There’s no need for emotion in Parkland, Florida. They were only assets.
Following the events in Parkland, Florida, pundits at Fox News were so upset about the 18th school shooting of 2018 and the 25th school massacre since 1999 that Sean Hannity felt obliged to propose a solution: school security. Having armed staff in every school would solve the real problem that is troubling America. Not the shootings, but the annoying wish of certain naive Americans to engage the “same, predictable, frankly insane, and intellectually lightweight debates” about gun control.
Here is today’s 3D definition:
A state of personal safety achieved by being surrounded by heavily armed soldiers or police, while counting on the fact that none of them will be unstable enough to create a new drama
Hannity is absolutely right to point out that the call to debate is “predictable.” It won’t happen because such debates are “insane” and “intellectually lightweight,” or rather because one side in the debate, which has the power to end all debate, has already decided to do so. As the old zen kōan goes, what is the sound of one hand clapping?
Hannity’s does have a “middle ground” solution and his program is simple, which can be summarized by the American “can do” kōan — “where there’s a will, there’s a way.” Hannity lays it on the line: “We can secure anything we choose to secure … We have the mindset, we have the manpower and we have the people to do it.” The one thing we don’t have the will to do is to talk about guns. “This is not a gun debate,” he tells us.
Hannity invited three regular Fox News commentators: Geraldo Rivera, Larry Elder (a black right-winger) and Sheriff David Clarke (also a black right-winger). Having two blacks and a Latino on air demonstrates Hannity’s commitment to including minorities supporting a position that often correlates with the culture of white supremacy.
Objecting to Rivera’s suggestion that military weapons such as AR-15s be banned, Elder asks, “What common sense gun control measure can we pass that can really minimize the carnage?” Elder’s rhetorical question has the effect of shutting Rivera up, but we suspect that this was scripted. Rivera is playing the role of token debater.
Elder’s first ploy is to evoke the formula “common sense gun control,” which is meant to be meaningless. “Common” suggests everyone involved in the debate will agree, which obviously will not happen. And the rhetorical question calls for a rhetorical answer, which he delivers by saying, “If there was some sort of common sense gun legislation … that didn’t violate the second amendment, I’m down with it.” He thus appears to agree, but follows up immediately with, “Tell me what it is.” This enables him to create the utterly false impression that there have been no proposals. Which of course works because Rivera has given up a debate he didn’t support in the first place.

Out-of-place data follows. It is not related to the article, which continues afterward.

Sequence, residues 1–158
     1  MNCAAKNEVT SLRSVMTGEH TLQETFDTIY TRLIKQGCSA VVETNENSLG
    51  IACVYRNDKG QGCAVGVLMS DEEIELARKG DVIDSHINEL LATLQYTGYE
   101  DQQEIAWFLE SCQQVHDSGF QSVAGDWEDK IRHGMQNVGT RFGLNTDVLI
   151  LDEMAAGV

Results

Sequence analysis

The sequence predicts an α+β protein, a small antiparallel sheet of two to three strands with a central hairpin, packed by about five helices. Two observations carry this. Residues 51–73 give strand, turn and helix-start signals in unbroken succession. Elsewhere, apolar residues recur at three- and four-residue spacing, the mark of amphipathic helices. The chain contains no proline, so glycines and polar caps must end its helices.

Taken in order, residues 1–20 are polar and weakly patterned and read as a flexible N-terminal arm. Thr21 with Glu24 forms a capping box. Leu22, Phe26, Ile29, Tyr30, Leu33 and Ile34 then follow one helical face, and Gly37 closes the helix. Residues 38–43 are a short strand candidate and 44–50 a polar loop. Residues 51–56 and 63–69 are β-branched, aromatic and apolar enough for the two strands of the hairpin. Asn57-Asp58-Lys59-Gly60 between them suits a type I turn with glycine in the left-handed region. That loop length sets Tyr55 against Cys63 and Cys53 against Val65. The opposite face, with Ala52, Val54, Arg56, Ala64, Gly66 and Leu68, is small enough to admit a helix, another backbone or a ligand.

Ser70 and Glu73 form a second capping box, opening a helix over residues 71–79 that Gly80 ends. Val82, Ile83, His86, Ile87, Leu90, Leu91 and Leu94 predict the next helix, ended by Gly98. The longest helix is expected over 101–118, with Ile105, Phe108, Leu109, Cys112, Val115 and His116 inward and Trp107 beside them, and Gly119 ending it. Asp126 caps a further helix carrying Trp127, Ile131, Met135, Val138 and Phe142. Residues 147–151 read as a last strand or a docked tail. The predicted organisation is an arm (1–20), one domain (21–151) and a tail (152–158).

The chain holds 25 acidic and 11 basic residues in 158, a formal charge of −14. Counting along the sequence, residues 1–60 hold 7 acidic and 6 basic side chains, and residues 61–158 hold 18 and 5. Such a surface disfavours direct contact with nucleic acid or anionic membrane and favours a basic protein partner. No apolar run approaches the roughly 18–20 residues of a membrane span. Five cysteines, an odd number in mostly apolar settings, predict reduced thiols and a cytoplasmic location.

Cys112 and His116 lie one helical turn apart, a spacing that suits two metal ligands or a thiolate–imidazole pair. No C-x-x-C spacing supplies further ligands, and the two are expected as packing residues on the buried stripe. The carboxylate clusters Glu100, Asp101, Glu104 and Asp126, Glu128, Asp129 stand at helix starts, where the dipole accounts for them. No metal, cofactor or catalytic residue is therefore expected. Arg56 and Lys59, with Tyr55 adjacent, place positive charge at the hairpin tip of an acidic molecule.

More telling is the phrase, “that can really minimize the carnage.” Elder speaks like a manager here engaged in mathematical risk analysis, which leads to Sheriff Clarke playing the perfect rationalist as he warns, “you can’t let emotion drive public policy” as well as echoing Elder’s managerial approach as he talks about protecting “these valuable assets, our children.” There’s no need for emotion, because children are assets to be managed like any other asset.
And how will those assets be efficiently managed? By posting armed guards in schools.
Many critics have pointed out that the school system today already has many things in common with prisons. Parkland is in a region of Florida with an extremely high proportion of gated communities, luxury prisons for the well-off, which really means that they see the outside world as the increasing violent and ungovernable prison for the poor.
US culture is in a state of deep crisis. What better indicator of the depth of that crisis than the popularity of Fox News! Hannity is right to insist that “we have the mindset.” It’s a mindset of militarizing every solution of social conflict. And, as he insists, talking about it won’t help: “I don’t think anybody’s mind is going to be changed.”
Bring on the armed guards.
*[In the age of Oscar Wilde and Mark Twain, another American wit, the journalist Ambrose Bierce, produced a series of satirical definitions of commonly used terms, throwing light on their hidden meanings in real discourse. Bierce eventually collected and published them as a book, The Devil’s Dictionary, in 1911. We have shamelessly appropriated his title in the interest of continuing his wholesome pedagogical effort to enlighten generations of readers of the news.]
The views expressed in this article are the author’s own and do not necessarily reflect Fair Observer’s editorial policy.